This is a flannel board on an easel I used to help show some individual units made for creating string quilts. Many gals want to use their strings, but the overall idea of "using strings" was too-open ended for those who need a little more guidance or clarification.

(Incidentally, flannel boards do NOT hold quilt blocks that still have paper foundation on them.)

Below, is the beginning of organizing my presentation in the right order, planning so I wouldn't trip over the stage and break a leg. Keeping things in the right order going TO the car with DH helping, unloading a lot of things out of the car, carrying up the steps, bringing food, the easel, flannelboard, purse, notebooks, Show and Tell, camera, etc, is as difficult as making a quilt!

Look at all those dear listening ladies - today was a GOOD day. The flannel board was an excellent teaching tool. I only did a presentation/short trunk show, and not a class. I think having the units clearly visible, in several possible steps, was a GOOD idea. Then I followed up the units with quilts that used those units. Sometimes it's hard to decipher the blocks in an entire quilt, so that's why showed step-by-step units. It went well, but the best part were the positive comments afterwards. I LOVE this Quilt Guild!

Below, another of the same, but what I'm noticing how clever that'ordinary' little quilt looks from far away. (Thank you Jody, for taking the photos!)

A Thank You Quilt

This is a Thank-You Quilt that a group of local quilters have made, in appreciation for a working space we've been using for the past few months. I don't want to go into details because it's not yet presented.

This was quilted by my talented friend, Sydney, whose skill is growing by leaps and bounds. The quilting is just marvelous -- my photo skills are not.

Friday, November 16, 2007

A Limerick

There was an old woman from Lenore
Whose mouth was as wide as a door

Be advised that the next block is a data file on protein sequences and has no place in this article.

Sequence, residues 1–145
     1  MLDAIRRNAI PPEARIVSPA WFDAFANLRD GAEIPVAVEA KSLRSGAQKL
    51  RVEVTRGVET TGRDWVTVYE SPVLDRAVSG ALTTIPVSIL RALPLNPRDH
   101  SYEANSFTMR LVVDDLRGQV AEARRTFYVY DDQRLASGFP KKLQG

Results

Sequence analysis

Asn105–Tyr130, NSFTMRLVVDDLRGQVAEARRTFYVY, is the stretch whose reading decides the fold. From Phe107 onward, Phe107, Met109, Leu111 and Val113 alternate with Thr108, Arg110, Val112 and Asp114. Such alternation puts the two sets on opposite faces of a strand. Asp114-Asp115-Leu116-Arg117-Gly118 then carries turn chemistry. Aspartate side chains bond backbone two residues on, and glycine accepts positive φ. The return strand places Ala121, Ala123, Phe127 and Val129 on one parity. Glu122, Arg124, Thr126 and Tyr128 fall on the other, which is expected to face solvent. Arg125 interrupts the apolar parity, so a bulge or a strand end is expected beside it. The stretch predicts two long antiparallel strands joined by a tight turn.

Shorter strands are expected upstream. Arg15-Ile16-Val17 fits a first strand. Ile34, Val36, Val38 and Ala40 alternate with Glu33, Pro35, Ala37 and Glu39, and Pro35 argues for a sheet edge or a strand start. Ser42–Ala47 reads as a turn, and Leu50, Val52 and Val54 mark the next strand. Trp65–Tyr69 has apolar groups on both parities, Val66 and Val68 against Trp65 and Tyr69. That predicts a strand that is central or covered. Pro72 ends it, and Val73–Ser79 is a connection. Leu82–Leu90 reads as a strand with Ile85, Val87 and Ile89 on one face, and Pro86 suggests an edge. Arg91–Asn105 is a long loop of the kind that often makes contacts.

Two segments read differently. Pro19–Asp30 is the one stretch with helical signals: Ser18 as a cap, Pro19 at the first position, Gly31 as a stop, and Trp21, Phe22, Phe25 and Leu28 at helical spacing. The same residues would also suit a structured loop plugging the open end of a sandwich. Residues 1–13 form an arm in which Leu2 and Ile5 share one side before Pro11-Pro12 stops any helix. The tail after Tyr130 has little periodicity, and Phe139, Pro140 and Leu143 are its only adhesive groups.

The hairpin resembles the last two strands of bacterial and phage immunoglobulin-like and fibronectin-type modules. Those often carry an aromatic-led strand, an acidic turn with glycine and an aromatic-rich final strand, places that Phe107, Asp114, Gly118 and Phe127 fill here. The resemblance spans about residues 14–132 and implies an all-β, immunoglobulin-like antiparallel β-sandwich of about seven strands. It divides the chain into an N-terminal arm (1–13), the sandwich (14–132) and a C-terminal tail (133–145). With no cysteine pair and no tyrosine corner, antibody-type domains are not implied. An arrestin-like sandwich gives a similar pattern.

While attempting to grin
She slipped and fell in
And lay inside-out on the floor.

(Hey, ya can't be clever EVERY day! LOL)

Monday, November 12, 2007

OMGosh - It's PINK!!!

This last weekend I took part in a Virtual Retreat discussed on the yahoo mail list for Heartstrings Quilt Project. For several years, I've made quilts for Project Linus, both for fun, and for consideration of some ill child. In addition, for each quilt/blanket donated, two of the local quilt shops offer a chance to win a very nice sewing machine. Last year, my friend Jody won the machine!

I have really, really, really TRIED to make something soft and gentle, sweetsy, cutesy, and gentle, but color, for me, has a way of getting out of control -- I'm 'over the top' with this PINK quilt! LOL. But I can imagine some little 8 year old girl just LOVIN' it. There are a lot of little figures images, characters in some of this fabric.

It is foundation pieced on fabric, and I have poly batting, so will tie it.

Sunday, November 11, 2007

Strings and More

This is my favorite piece of furniture, an old cherry and oak rocker that actually TALKS! It said "buy me, buy me", so I did. The carved back, (not pressed) is especially appealing. Can you guess why? (I should have dusted it before the photo!)

I'm playing with more strings, making some samples for a presentation at our guild. Every time I make a sample, it wants to be made into yet another entire quilt.

I pulled all my browns, tans, forest-y type bits and pieces, sewed them will-nilly onto phone book pages, then sewed the pages together, and ended up with a nice roll of fabric. The advantage of sewing them onto a foundation is that there is NO MEASURING. But they DO need some type of foundation. The process looks very messy, but the end result, after trimming, starts to look promising. The width on this roll is trimmed to 4 1/2 inches. Of course, you will have to remove the paper after sewing it on another piece, a messy but not difficult project. These can be used as HST, or a piano-key border, or Flying Geese, or cut down the center for narrow border or sashing - the possibilities are quite endless. I love reminiscing with my favorite fabrics, remembering when I purchased them, where the quilt is, and also take pride in being frugal and recycling. I like to use a palette of similar styles, or colors.

This little 9 inch Churn Dash sample block is so darned appealing.

My Rocky Road to Kansas is finished, done, complete, ta tahhhh -- hand quilted. Since it is partly a string quilt, this will be another sample for the presentation.
Now, this photo is an excellent example of what doesn't work! Maybe if my seams were straight, not angled, and perhaps the strings should be thinner. Oh well - nothing ventured, nothing gained! But hey, the center seams meet perfectly!!!